Letters to CPJ
CPJ comes to the aid of journalists who have been attacked, imprisoned, censored, or harassed. The Committee fights to get journalists out of jail and lets those who are being persecuted for their reporting know that CPJ and others are working on their behalf.
- “The other day when Serb police in Republika Srpska were stomping on me with their boots, and shoving their machine guns in my face, and taking my camera, and snatching important videotape material on the cassette inside my camera, I was thinking, Jesus! What do I do now? I have nobody here to help me.’ I don’t have a major news organization covering my back. But CPJ was there to bail me out, winning back my camera and forcing the release of IFOR’s video material of the attack … Your letters to NATO and IFOR sent a serious reminder to Serb police, IFOR, and all concerned that journalists working in Bosnia must be allowed freedom of movement at all times.”
—Mike Kirsch, free-lance TV journalist, Austria, October 1996
- “My release would not have been possible without the relentless international press battle waged on my behalf by CPJ. I am indeed very grateful for CPJ’s unqualified and unstinting support for me and my organization, [which] is still facing harassment by the security agents of the Gen. Sani Abacha military junta.”
—Nosa Igiebor, editor in chief, Tell, Nigeria, June 1996
- “I am extremely grateful to you for the concern you showed over my abduction by JK Ikhwan militia on July 8. The organizations like CPJ, I believe, are rendering a yeoman’s service to the community…”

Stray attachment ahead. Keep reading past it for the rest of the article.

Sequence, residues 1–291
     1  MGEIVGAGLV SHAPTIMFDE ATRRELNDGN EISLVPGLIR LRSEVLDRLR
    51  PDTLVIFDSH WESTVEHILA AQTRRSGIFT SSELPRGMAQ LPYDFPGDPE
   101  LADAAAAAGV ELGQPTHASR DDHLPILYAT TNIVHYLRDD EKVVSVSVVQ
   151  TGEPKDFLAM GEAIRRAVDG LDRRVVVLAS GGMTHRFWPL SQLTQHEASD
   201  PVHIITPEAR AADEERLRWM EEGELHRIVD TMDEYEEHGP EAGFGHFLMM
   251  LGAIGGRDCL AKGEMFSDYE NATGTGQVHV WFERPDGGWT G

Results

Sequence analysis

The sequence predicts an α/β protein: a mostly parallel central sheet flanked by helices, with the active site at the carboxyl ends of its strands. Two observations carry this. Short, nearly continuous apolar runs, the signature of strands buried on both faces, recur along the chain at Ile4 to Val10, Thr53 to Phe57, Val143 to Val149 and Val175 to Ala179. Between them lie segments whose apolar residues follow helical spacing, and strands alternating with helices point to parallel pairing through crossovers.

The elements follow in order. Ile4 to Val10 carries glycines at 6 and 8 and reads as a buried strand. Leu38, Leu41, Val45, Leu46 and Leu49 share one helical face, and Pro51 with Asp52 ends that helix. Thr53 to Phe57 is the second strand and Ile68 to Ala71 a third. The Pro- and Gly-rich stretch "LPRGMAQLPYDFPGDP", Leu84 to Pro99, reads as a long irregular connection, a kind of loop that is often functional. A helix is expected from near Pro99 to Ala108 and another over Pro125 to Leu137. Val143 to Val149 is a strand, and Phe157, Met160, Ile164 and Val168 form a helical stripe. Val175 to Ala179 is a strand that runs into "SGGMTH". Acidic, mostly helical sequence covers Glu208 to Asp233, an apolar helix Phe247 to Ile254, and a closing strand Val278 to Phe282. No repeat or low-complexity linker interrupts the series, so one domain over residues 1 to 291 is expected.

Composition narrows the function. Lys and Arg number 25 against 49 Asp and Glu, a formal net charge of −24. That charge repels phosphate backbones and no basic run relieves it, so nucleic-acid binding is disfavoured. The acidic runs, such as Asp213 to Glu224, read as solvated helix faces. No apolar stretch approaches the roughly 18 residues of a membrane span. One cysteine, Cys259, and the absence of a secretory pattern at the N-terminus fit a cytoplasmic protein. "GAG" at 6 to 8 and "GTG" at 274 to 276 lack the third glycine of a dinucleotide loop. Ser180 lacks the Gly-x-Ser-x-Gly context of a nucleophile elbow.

—S. Shujaat Bukhari, reporter, Kashmir (India), August 1996
- “You should know that if not for CPJ’s letter, Panorama would be dead now. I know from personal sources that President [Franjo] Tudjman’s office decided to reopen our offices only after they received your letter.”
—Slaven Letica, reporter, Panorama, Croatia, May 1996
- “Please let me thank you and the other members of CPJ’s staff for your struggle for our release. I have received one month ago a letter containing my CPJ membership card. I was so happy. After that, two weeks ago, we received the three packets you sent us. Your personal letter brought so much to me.”
—Freedom Neruda, deputy editor, La Voie. Letter sent from Maca Prison, Cote d’Ivoire, August 1996
- “I have traveled extensively along the west coast of Africa and have come to know how journalists appreciate CPJ…[W]e get to hear and perceive how the dictators that litter our continent also read your organization. Basically the typical African tyrant considers you an irritant and an endless pain. But that is the clearest evidence of your relevance and the testimony that your concerns are rooted in the heart of the people who bear the yoke of this monstrous affliction on a daily basis.
As I try to settle into a new pattern here, still wondering if this freedom is actually real, I want to thank you and your team of wonderful men and women who have chosen the thankless task of bringing relief to thousands of souls the world over. I also want you to know that even when we do not seem to convey this point well enough, we are always immeasurably grateful. By the example of organizations like yours, the world certainly promises to become a better place to live in…”
—Dapo Olorunyomi, editor in chief, The News, Nigeria, March 1996.
CPJ helped Olorunyomi get asylum in the United States after he was named as one of 40 people allegedly involved in plotting a coup. Several of his colleagues were charged with treason and given prison sentences of up to 15 years in connection with the alleged plot.